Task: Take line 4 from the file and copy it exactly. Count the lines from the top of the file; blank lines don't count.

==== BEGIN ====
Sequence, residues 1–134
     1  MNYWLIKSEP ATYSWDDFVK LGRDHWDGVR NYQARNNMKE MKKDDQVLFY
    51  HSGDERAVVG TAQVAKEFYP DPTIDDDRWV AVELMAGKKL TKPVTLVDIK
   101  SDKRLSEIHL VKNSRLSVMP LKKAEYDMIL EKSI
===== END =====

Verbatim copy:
   101  SDKRLSEIHL VKNSRLSVMP LKKAEYDMIL EKSI